Stock Analysis

Should Preferred Bank (NASDAQ:PFBC) Be Part Of Your Dividend Portfolio?

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NasdaqGS:PFBC
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Dividend paying stocks like Preferred Bank (NASDAQ:PFBC) tend to be popular with investors, and for good reason - some research suggests a significant amount of all stock market returns come from reinvested dividends. If you are hoping to live on your dividends, it's important to be more stringent with your investments than the average punter. Regular readers know we like to apply the same approach to each dividend stock, and we hope you'll find our analysis useful.

Investors might not know much about Preferred Bank's dividend prospects, even though it has been paying dividends for the last six years and offers a 2.3% yield. A low yield is generally a turn-off, but if the prospects for earnings growth were strong, investors might be pleasantly surprised by the long-term results. During the year, the company also conducted a buyback equivalent to around 1.4% of its market capitalisation. Remember though, due to the recent spike in its share price, Preferred Bank's yield will look lower, even though the market may now be factoring in an improvement in its long-term prospects. Some simple analysis can offer a lot of insights when buying a company for its dividend, and we'll go through this below.

Click the interactive chart for our full dividend analysis

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NasdaqGS:PFBC Historic Dividend January 27th 2021

Payout ratios

Dividends are usually paid out of company earnings. If a company is paying more than it earns, then the dividend might become unsustainable - hardly an ideal situation. So we need to form a view on if a company's dividend is sustainable, relative to its net profit after tax. Looking at the data, we can see that 26% of Preferred Bank's profits were paid out as dividends in the last 12 months. A medium payout ratio strikes a good balance between paying dividends, and keeping enough back to invest in the business. Plus, there is room to increase the payout ratio over time.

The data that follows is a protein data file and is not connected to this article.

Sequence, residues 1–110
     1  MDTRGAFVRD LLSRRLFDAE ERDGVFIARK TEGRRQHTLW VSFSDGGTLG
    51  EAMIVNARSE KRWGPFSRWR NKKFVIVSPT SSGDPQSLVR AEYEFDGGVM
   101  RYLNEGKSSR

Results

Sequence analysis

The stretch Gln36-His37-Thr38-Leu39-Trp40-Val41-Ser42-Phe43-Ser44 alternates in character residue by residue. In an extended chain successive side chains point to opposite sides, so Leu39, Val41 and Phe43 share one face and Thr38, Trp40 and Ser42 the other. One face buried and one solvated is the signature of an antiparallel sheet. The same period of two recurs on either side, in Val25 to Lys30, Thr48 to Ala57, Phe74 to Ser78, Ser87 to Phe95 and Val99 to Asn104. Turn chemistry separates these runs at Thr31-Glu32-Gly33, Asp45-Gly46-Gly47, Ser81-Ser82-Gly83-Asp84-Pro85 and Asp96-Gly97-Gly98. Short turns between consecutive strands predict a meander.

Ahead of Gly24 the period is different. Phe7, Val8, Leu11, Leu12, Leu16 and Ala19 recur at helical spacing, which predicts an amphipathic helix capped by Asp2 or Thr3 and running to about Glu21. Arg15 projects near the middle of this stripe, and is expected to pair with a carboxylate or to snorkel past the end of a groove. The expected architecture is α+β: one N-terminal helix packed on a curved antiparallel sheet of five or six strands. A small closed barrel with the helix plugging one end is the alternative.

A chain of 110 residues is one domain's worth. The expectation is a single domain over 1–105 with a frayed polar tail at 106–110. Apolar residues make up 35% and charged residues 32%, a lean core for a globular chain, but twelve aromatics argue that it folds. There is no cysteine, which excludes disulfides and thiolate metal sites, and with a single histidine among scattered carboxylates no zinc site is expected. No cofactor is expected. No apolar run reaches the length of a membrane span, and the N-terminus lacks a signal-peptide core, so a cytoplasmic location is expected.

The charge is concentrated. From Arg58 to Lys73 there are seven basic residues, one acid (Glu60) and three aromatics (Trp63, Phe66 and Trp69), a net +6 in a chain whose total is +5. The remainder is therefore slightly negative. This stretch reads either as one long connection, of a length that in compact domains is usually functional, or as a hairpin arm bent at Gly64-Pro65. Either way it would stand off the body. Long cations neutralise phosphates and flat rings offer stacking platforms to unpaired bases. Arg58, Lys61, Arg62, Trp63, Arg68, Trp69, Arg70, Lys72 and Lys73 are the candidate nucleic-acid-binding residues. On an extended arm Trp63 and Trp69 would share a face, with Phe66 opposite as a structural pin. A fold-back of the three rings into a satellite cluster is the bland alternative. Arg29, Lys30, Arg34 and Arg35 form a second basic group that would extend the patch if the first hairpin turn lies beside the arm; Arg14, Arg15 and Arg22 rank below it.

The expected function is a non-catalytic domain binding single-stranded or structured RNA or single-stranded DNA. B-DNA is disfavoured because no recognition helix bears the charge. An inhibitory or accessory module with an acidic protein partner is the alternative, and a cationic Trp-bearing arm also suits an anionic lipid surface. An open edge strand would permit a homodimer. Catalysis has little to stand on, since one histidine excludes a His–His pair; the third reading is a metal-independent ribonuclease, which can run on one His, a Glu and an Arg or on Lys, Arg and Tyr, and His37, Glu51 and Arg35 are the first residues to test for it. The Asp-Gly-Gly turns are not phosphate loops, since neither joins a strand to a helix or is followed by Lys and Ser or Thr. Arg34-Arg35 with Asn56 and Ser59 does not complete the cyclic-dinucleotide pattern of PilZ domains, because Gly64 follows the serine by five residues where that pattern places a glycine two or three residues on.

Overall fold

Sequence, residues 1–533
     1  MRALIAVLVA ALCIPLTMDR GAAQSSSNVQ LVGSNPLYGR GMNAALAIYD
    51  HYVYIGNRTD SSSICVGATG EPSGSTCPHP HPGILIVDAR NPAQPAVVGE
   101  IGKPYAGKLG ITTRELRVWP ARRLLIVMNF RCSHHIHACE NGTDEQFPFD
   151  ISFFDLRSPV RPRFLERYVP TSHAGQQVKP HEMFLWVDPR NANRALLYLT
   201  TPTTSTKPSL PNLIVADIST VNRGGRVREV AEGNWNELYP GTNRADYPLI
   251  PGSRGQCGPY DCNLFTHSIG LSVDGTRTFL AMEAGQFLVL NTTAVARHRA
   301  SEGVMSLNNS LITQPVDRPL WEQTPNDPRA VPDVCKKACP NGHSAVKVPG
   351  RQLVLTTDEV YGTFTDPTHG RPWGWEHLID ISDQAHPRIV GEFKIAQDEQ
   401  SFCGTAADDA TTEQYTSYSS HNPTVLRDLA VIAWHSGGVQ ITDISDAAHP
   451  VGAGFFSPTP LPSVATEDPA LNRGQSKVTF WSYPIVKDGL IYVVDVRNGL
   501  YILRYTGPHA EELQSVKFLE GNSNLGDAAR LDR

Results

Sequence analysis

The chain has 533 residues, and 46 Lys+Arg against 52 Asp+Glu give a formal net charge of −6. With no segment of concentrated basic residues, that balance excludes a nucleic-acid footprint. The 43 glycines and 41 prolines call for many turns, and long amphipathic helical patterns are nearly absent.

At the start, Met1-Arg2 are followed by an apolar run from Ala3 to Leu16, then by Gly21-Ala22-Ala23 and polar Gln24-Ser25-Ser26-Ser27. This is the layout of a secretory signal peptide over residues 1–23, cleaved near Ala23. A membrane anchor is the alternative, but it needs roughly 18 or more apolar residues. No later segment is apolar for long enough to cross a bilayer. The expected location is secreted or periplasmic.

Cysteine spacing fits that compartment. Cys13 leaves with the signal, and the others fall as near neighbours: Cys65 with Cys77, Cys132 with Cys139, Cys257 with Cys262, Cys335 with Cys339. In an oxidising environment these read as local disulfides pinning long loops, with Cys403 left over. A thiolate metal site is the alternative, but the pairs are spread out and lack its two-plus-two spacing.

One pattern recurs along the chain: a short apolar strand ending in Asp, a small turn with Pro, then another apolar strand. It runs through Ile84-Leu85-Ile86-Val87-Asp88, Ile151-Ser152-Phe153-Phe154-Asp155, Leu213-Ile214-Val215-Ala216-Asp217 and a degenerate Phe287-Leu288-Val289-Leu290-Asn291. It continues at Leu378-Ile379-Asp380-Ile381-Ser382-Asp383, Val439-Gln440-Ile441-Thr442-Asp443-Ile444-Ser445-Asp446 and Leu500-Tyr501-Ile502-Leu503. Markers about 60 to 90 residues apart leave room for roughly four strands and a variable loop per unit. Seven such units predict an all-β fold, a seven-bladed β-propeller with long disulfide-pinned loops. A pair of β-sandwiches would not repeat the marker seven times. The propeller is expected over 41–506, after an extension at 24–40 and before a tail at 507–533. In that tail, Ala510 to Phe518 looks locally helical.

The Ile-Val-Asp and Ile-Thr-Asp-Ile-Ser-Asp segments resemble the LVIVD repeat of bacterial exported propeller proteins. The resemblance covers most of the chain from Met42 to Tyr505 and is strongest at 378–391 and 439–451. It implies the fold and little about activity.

Remember, you can always get a snapshot of Preferred Bank's latest financial position, by checking our visualisation of its financial health.

Dividend Volatility

Before buying a stock for its income, we want to see if the dividends have been stable in the past, and if the company has a track record of maintaining its dividend. Preferred Bank has been paying a dividend for the past six years. The company has been paying a stable dividend for a while now, which is great. However we'd prefer to see consistency for a few more years before giving it our full seal of approval. During the past six-year period, the first annual payment was US$0.4 in 2015, compared to US$1.2 last year. This works out to be a compound annual growth rate (CAGR) of approximately 20% a year over that time.

We're not overly excited about the relatively short history of dividend payments, however the dividend is growing at a nice rate and we might take a closer look.

Dividend Growth Potential

While dividend payments have been relatively reliable, it would also be nice if earnings per share (EPS) were growing, as this is essential to maintaining the dividend's purchasing power over the long term. Strong earnings per share (EPS) growth might encourage our interest in the company despite fluctuating dividends, which is why it's great to see Preferred Bank has grown its earnings per share at 17% per annum over the past five years. A company paying out less than a quarter of its earnings as dividends, and growing earnings at more than 10% per annum, looks to be right in the cusp of its growth phase. At the right price, we might be interested.

Conclusion

Dividend investors should always want to know if a) a company's dividends are affordable, b) if there is a track record of consistent payments, and c) if the dividend is capable of growing. Firstly, we like that Preferred Bank has a low and conservative payout ratio. Next, earnings growth has been good, but unfortunately the company has not been paying dividends as long as we'd like. Overall we think Preferred Bank is an interesting dividend stock, although it could be better.

Companies possessing a stable dividend policy will likely enjoy greater investor interest than those suffering from a more inconsistent approach. At the same time, there are other factors our readers should be conscious of before pouring capital into a stock. For example, we've picked out 3 warning signs for Preferred Bank that investors should know about before committing capital to this stock.

If you are a dividend investor, you might also want to look at our curated list of dividend stocks yielding above 3%.

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